- Agent-based model using base Julia as well as using DifferentialEquations
- Agent-based model using Agents.jl
Generating simulated data
We usually do not observe the trajectory of susceptible, infected, and recovered individuals. Rather, we often obtain data in terms of new cases aggregated over a particular timescale (e.g. a day or a week).
Use of callbacks
- Changing parameter values at fixed times e.g. lockdown in an SIR model
- Preventing negative populations in stochastic differential equations
- Scheduling recovery times to model a fixed infectious period
In addition to the above examples of simulation, there are also examples of inference of the parameters of the model using counts of new cases. Although these are toy examples, they provide the building blocks for more complex situations.
- Point estimates of parameters of the ODE system using Optim.jl and DiffEqParamEstim.jl
- Bayesian estimates of parameters of the ODE system using Approximate Bayesian Computation
- Bayesian estimates of parameters of the ODE system using Turing.jl
- Bayesian estimates of parameters of the ODE system using NestedSamplers.jl
In conducting inference, it is important to know the extent to which parameters are identifiable from the available data.
Incorporating uncertainty in its many forms is important for using models to make decisions.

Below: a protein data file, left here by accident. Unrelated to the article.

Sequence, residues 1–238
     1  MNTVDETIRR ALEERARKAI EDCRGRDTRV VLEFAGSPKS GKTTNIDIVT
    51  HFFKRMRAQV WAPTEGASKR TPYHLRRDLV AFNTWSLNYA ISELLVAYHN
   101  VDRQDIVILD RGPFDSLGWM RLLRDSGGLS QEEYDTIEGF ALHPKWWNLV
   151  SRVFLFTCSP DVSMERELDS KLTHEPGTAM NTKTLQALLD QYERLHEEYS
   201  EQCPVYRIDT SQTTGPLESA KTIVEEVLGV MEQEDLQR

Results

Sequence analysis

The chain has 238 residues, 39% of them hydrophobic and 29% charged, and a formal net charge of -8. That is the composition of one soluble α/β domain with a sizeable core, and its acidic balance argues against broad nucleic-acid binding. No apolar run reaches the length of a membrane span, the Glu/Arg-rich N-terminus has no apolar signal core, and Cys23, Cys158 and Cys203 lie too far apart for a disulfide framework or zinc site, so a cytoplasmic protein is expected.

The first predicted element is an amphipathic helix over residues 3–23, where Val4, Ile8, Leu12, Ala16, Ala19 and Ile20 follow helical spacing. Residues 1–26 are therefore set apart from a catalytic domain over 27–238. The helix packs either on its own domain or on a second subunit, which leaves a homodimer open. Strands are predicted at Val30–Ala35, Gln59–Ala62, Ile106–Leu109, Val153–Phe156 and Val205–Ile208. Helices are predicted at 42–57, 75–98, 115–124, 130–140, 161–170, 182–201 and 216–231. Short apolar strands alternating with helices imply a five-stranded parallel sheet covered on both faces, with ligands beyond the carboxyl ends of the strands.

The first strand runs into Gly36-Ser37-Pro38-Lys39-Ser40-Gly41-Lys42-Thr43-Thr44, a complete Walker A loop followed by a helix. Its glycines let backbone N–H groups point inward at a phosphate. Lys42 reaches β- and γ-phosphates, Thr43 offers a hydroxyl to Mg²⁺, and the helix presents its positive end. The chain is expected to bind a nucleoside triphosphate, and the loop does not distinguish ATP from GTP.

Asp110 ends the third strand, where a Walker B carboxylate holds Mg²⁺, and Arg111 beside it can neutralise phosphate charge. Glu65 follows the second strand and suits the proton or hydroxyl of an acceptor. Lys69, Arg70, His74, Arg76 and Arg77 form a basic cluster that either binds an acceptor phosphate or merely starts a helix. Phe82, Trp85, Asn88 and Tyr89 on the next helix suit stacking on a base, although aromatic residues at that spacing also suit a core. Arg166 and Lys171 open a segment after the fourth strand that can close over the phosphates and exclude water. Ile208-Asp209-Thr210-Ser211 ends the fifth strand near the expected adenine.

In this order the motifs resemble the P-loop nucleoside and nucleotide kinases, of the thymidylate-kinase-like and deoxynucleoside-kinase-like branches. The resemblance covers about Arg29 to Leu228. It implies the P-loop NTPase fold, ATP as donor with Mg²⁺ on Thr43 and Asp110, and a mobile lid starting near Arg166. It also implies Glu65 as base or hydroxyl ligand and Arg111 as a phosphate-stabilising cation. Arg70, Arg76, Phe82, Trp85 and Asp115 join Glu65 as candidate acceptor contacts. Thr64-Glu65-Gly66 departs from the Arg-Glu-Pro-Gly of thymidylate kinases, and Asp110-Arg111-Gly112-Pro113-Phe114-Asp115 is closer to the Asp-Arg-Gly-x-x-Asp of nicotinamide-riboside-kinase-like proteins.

When solving continuous-time models like ODEs, the discretization can lead to numerical errors. Probabilistic integration treats this error as a statistical problem to capture the uncertainty in the model outputs generated using the solver.
- Probabilistic integration of an ODE model using Bayesian filtering and
- Probabilistic integration of an ODE model by converting to a SDE using
DiffEqUncertainty.jl(can also handle SDEs and DDEs)
- Global sensitivity analysis of an ODE model using Latin hypercube sampling
- Global sensitivity analysis of an ODE model using multiple algorithms from GlobalSensitivity.jl
- Uncertainty propagation of an ODE model using MonteCarloMeasurements.jl
- Uncertainty propagation of an ODE model using the Koopman expectation and DiffEqUncertainty.jl
- Uncertainty analysis of an ODE model with an uncertain input and an uncertain output using Bayesian melding
- Surrogate models (single input/single output) of an ODE model using Surrogates.jl
- Gaussian process surrogate model (two inputs/one output) of an ODE model using the Python package
mogp-emulator, with an example of history matching
- Bayes linear surrogate model (two inputs/one output) of an ODE model using the R package
hmer, with an example of history matching
- Data-driven models of an ODE using DataDrivenDiffEq.jl